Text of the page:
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While Stocks Stumble, Financial Conditions Remain on Firm Footing

It has been a rough start to the year for risk assets with the S&P 500 off 7%+ and US small cap stocks and US growth stocks down even more. Most investors continue to cite the hawkish pivot by the Fed and the backing up in bond yields as the primary catalysts for the pullback. Away from the stock market, the Omicron variant has weighed on growth as supply chains remain stressed, particularly coming out of China, while inflation is causing most companies to expect higher expenses in 2022, especially wages. Finally, geopolitical tensions are elevated as the West tries to discern Russia’s intentions toward Ukraine.

As we think about the markets and the economy, we are reminded that—while distinct—they are linked, with economic conditions ultimately reflected in share prices, helped higher by growing revenues and earnings, or helped lower by declining revenues and earnings. Of course, there is the historic phenomenon of the market as a leading indicator, inflecting higher while the economy is still struggling and inflecting lower while growth is still robust.

That said, while a high single digit pullback in equity prices is never enjoyable, we don’t believe recent market weakness is indicative of a coming recession; in fact, given the health of the US consumer, growth should accelerate as the Covid case count comes down—as we hope and expect. And while stocks have stumbled, broader indicators of financial health remain on firm footing, including the Chicago Federal Reserve’s National Financial Conditions Index, a comprehensive look at financial conditions in money markets, debt and equity markets, and traditional and “shadow” banking systems (see chart). Positive values of the NFCI indicate financial conditions that are tighter than average, while negative values indicate conditions that are looser than average. Historically, the index has moved above zero and into positive territory as the US economy slides into recession, as companies and consumers find it more difficult and more expensive to access capital. Today, the index is well below zero, indicating financial conditions remain broadly supportive of the economy, a dynamic that should help drive ongoing growth in corporate revenues and earnings, and higher prices for US stocks.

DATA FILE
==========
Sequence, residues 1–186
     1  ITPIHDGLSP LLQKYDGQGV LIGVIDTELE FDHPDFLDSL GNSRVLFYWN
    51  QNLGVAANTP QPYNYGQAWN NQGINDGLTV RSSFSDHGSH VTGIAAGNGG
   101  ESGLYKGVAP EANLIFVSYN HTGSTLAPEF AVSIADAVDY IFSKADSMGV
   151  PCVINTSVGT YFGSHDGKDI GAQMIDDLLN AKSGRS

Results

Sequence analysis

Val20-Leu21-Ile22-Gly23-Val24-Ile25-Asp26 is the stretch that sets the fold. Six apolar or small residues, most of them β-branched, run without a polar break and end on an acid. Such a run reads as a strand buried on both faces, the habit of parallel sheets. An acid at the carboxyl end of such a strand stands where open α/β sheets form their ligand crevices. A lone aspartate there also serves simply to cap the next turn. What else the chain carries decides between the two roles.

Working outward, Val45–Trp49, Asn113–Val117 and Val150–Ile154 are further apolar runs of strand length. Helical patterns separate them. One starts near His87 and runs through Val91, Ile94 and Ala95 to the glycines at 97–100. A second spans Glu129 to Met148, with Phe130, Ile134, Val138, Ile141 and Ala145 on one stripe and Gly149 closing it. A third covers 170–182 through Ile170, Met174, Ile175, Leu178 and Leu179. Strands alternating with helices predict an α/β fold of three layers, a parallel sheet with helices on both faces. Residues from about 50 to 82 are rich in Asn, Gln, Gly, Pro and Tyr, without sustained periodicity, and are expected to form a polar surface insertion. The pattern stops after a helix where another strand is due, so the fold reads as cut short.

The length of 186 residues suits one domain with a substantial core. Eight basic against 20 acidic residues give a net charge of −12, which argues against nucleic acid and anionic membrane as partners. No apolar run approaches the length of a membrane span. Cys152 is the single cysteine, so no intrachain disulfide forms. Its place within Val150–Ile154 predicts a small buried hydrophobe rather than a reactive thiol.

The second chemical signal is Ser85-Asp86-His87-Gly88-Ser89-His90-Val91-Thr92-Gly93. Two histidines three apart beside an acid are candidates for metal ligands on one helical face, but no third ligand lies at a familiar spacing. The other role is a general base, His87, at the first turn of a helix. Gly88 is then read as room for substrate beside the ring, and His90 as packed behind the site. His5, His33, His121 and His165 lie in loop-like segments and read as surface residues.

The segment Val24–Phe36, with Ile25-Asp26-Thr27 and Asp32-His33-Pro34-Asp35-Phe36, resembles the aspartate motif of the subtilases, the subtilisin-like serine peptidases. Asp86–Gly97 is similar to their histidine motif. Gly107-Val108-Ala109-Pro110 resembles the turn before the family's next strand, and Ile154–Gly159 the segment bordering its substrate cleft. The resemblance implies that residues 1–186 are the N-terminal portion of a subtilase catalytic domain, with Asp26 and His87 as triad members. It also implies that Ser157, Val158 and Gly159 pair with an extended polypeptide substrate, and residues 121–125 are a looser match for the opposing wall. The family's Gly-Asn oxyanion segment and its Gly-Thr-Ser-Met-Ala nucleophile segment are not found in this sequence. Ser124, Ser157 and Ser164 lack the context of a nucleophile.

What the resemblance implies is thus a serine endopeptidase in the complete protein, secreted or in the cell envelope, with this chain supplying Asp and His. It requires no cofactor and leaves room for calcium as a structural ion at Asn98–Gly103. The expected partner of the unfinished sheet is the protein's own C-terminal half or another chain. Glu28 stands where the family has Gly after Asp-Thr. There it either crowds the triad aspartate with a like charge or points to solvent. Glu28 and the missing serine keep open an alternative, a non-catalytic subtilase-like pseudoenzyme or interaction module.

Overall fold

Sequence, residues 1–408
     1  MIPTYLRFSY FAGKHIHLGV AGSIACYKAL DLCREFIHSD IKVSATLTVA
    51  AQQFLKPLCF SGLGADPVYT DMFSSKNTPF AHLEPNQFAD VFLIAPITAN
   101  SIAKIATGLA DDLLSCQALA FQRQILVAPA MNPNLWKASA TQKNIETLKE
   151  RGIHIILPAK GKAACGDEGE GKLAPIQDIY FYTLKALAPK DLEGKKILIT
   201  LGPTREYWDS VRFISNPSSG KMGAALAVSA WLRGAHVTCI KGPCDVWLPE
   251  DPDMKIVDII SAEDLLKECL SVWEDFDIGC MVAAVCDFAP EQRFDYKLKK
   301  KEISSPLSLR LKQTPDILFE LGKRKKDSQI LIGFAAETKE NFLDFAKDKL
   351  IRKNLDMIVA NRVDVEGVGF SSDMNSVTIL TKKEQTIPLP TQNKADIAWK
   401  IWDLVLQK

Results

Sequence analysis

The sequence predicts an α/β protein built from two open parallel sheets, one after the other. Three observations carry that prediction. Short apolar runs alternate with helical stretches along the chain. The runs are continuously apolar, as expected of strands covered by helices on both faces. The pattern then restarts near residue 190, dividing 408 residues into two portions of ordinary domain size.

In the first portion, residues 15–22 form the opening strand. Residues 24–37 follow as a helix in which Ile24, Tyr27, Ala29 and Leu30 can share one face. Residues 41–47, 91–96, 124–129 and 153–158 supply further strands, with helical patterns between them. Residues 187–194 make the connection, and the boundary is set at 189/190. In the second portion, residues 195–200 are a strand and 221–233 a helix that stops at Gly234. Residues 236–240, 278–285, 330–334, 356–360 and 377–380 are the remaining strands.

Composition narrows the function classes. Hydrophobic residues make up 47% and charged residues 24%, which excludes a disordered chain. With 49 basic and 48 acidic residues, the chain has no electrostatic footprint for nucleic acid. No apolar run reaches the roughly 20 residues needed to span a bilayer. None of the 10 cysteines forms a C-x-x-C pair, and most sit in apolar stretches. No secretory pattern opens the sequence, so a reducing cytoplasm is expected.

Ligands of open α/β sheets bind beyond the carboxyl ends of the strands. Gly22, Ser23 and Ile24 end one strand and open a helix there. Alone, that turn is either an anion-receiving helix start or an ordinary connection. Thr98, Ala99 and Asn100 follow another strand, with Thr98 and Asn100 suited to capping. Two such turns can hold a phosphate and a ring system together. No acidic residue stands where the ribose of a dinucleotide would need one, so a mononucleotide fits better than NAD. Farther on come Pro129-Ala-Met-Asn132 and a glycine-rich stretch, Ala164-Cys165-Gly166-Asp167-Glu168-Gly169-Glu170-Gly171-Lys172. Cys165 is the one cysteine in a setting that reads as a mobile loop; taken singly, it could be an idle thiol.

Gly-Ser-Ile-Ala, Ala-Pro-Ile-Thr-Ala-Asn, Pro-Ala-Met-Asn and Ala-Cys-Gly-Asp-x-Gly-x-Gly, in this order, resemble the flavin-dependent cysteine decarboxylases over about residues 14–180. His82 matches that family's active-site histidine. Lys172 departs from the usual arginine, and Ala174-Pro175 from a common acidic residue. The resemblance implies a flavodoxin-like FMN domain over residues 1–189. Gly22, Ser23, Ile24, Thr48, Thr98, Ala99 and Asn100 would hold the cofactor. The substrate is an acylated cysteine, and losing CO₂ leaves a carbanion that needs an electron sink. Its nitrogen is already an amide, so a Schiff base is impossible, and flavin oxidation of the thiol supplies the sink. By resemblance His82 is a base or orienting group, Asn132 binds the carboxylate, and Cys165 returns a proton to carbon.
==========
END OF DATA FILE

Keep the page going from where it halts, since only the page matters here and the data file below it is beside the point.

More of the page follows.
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The views expressed are those of Brinker Capital and are not intended as investment advice or recommendation. For informational purposes only. Brinker Capital Investments, LLC, a registered investment advisor. 0148-BCI-1/24/2022

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